After the breaststroke, Cal had a 412.5-370.5 lead.

In other championship races:

1,650-yard freestyle: Defending champion Connor Jaeger of Michigan led from wire-to-wire to win in a pool record 14:29.27. Cal senior Jeremy Bagshaw, who swam in an earlier heat, finished second in 14:39 to score 17 points for the Bears in their title run. After the event, California led Texas by 11, 329.5-318.5. Florida sophomore Arthur Frayler was third in 14:43.08.

100-yard freestyle: Brazilian Joao De Lucca of Louisville fought off fellow Brazilian Marcelo Chierighini of Auburn to win in 41.70. He is the first swimmer to sweep the 100 and 200 freestyle titles since Gustavo Borges accomplished the feat in 1995. Florida State senior and Florida Gold Coast swimmer Paul Murray was 20th in 42.70. Chierighini had broken the pool record in prelims in 41.52. Cal’s lead was 385.5-365.5 over Texas.

200-yard butterfly: South African Dylan Bosch, a sophomore at Michigan, knocked off Florida’s Marcin Cieslak to win in an NCAA and U.S. Open record of 1:39.33. Cieslak was second in 1:40.19. Florida State junior Connor Knight, a Florida Gold Coast swimmer, won the “B” final in 1:42.25.

“I had a pretty good feeling I could get it,” Bosch said. “This is the fastest meet in the world. It is crazy. I always thought I had a chance to get the record. I wanted to do it for my teammates. We all train together so well. Records are there to be broken. Just to be in the books and written into history is a great feeling.”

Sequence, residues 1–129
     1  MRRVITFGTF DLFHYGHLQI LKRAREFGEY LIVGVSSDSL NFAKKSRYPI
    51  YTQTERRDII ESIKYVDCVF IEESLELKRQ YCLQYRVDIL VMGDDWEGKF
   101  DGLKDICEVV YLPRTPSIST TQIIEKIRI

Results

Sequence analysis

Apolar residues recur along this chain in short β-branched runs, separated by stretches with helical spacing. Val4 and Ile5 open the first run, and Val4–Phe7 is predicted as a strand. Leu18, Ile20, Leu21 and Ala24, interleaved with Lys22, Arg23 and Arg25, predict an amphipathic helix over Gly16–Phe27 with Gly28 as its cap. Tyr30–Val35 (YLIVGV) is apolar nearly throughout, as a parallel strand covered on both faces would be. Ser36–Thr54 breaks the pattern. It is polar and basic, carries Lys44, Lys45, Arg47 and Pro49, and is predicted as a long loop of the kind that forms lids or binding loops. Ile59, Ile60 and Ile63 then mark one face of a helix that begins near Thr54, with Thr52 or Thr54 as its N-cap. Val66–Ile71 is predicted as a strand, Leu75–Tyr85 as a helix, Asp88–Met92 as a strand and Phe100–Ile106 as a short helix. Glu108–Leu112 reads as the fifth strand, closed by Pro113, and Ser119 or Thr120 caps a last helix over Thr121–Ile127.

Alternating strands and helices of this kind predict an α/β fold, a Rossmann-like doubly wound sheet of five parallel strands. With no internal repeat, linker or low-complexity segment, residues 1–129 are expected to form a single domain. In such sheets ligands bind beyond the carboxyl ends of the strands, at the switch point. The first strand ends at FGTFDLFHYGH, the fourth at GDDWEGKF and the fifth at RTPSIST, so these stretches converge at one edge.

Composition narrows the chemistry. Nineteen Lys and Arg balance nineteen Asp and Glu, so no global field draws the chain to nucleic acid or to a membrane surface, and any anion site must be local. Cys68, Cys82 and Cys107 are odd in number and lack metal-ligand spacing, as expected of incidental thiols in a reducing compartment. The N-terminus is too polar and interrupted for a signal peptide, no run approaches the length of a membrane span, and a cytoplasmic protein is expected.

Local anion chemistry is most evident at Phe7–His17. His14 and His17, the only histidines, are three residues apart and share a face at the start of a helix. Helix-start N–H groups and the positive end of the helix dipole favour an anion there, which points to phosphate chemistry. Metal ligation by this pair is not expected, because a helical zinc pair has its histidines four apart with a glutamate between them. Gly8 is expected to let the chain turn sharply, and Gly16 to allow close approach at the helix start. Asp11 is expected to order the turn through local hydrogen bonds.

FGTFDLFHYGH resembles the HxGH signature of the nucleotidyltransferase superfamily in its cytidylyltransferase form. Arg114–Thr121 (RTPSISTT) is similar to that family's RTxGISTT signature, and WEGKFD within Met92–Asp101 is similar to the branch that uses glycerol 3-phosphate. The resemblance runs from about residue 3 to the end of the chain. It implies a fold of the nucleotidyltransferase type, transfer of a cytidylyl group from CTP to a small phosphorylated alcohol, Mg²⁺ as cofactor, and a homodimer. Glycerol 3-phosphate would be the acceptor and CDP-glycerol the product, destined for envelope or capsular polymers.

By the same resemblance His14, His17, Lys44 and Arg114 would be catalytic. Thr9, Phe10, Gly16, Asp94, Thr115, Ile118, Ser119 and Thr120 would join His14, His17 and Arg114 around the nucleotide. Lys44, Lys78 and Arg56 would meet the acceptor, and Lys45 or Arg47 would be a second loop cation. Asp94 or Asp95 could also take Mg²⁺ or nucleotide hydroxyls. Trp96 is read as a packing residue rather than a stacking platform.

10-meter platform diving: Defending champion Nick McCrory of Duke nailed his final dive to make history as the only diver ever to win four consecutive NCAA platform titles. The Olympic bronze medalist finished with 454.85 that included a 10 on his final dive. Rafael Quintero of Arizona was second with 452.40 points.

“I was up there doing the math in my head what scores I had to average, I knew it was a tall order,” said McCrory, who scratched from 3-meter with an injury. “I tried to do my best. It was better than I thought when I hit the water. For me this is huge. I couldn’t ask for a better way to go out at Duke.”

400-yard freestyle relay: With two freshmen duking it out on the anchor leg for Auburn and N.C. State, Auburn, led by freshman Kyle Darmody knocked off a stacked field to win the final event of the night in a meet record 2:48.33. Cal was second in 2:49.48 and N.C. State, with freshman Areas Schiellerup on anchor leg, was third in 2:49.50.

In all, 56 schools and 270 participants—235 swimmers and 35 divers—competed in the three-day meet.

For those who would like to again watch the NCAA Men and Women Swimming and Diving Championships, ESPNU is re-broadcasting the women’s meet on April 2 at 9 p.m., April 3 at 11 p.m. and April 11 at 10 p.m. The men’s meet will be re-broadcast on April 9 at 8 p.m., April 10 at two times, 1 a.m. and 1 p.m.